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You are given a square piece of paper shown below:

enter image description here

Can you cut this paper in a way that:

  1. The shortest distance from A to B is double the shortest distance from A to C; and
  2. The shortest distance from A to D is half the shortest distance from A to C.

All distances are measured along the surface of the paper. All four corners of the paper must be preserved during the process. Of course you don't need to actually do it with a real paper, you can just show a drawing of how to do it.

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This is probably not exactly what you intended, but here is a way to make each of the three paths AB, AC, AD any length you like.

enter image description here
The paths are constrained to rectangular strips by cutting away two large triangles. You don't have to cut off and remove those triangles completely, but I have done so to make the picture clearer.
On each strip, make perpendicular cuts from alternate sides. The more you make, the longer the path is. In this way each path can be lengthened by any amount you like, so you can put the path lengths to any ratio.

Here is a solution with fewer cuts:

enter image description here
There is no cut between A and D, since AD is going to be the shortest of the three paths. That path remains a straight line the length of the square's side.
There is a cut going from a point just to the right of A down towards D and then right towards C. This constrains the AC path to go along the outside edges of the square. Unfortunately this is not quite enough to make it twice as long as AD (except in the limit), so I'll make another small cut next to C to make path AC exactly twice AD.
The path AB goes around nearly three sides, and to lengthen it to four times AD we can use a third cut, horizontal just below B, to lengthen the path without affecting AD or AC.

I don't think it can be done in just two cuts as there needs to be a cut between A and B to lengthen AB, a cut between B and C to make the difference between AB and AC more than a side length, and a cut between C and D to make the difference between AC and AD exactly one side length. Only the last of these could be removed if we were allowed arbitrarily close approximations.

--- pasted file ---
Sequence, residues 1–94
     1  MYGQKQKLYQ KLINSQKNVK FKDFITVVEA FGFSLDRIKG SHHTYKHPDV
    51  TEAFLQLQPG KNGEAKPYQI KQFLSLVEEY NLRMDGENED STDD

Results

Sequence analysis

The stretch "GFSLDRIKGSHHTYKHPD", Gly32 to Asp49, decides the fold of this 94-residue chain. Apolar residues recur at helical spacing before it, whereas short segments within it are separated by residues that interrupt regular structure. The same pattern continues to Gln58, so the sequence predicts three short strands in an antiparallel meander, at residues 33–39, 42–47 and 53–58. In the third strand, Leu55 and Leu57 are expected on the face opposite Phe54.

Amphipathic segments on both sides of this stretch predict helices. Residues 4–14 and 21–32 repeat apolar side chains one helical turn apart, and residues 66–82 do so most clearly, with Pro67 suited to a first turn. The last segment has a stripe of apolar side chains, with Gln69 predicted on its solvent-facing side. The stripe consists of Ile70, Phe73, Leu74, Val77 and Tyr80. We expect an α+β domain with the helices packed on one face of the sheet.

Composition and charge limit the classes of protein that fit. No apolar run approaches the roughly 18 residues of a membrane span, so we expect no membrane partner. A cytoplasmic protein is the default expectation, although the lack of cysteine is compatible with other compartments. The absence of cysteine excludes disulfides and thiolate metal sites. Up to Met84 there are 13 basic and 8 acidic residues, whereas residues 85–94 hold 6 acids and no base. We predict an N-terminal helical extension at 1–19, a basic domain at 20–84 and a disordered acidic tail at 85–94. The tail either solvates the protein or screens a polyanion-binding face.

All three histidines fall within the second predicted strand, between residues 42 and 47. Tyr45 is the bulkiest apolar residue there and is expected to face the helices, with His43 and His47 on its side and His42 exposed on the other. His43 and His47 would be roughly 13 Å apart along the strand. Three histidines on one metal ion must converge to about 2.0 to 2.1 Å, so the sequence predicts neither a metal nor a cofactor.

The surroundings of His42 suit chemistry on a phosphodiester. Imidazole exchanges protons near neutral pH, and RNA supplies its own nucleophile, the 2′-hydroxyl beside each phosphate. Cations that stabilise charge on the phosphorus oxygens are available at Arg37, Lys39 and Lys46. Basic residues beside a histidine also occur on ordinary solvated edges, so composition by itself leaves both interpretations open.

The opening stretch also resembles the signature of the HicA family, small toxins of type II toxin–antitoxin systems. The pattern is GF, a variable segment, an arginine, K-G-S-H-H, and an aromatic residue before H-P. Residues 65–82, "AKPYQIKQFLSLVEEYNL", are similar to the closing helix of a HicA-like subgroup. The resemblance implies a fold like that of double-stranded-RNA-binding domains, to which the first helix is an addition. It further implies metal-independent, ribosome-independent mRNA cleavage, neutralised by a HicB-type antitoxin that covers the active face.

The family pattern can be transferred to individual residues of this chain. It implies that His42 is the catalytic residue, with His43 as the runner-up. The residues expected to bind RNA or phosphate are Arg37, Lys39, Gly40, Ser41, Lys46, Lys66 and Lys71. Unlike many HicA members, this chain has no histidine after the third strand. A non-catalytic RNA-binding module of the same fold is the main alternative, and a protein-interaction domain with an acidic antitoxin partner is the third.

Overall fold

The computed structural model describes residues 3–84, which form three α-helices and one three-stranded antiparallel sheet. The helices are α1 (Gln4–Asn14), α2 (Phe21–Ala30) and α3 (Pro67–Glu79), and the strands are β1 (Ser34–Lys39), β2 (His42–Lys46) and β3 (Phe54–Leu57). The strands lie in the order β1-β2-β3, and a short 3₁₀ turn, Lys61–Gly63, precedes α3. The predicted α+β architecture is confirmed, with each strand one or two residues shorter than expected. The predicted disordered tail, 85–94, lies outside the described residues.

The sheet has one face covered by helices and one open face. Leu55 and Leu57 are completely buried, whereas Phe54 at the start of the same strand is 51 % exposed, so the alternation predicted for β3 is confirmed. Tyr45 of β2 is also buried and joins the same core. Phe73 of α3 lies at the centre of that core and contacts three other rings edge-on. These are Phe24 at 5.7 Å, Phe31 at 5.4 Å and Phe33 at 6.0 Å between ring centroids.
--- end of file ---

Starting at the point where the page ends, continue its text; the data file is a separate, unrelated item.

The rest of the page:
These three cuts could be lengthened into spirals to make AC and AB arbitrarily long. By letting the cuts starting at A and B go in a spiral, AB can be made longer without affecting AC. The cut starting at C and then be lengthened, following the spiral made by the other two cuts, thereby making AC longer without affecting AB.

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  • $\begingroup$ yes that works, well done. Ok can you reduce the number of cuts? $\endgroup$ Jul 21 at 9:24
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    $\begingroup$ very nice you got it! I had a completely different solution in mind where you cut away whole sections of the paper, thus changing its shape. But I have no way of enforcing that. $\endgroup$ Jul 21 at 10:14
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"All four corners must be preserved" - I took to mean I could cut the four corners and not have them be in the original location.

enter image description here Cut the corners out and get rid of the rest of the paper. Cut the corner containing A into a square, the corner containing C & D into rectangles half the length of A, and the corner containing B to be twice the size of the square containing A. Then, move them around so they're just touching, so that the corners containing A, D, C, & B are in a line, with the paper touching so that you can measure "along the surface of the paper".

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  • $\begingroup$ haha that's clever. $\endgroup$ Jul 21 at 21:19

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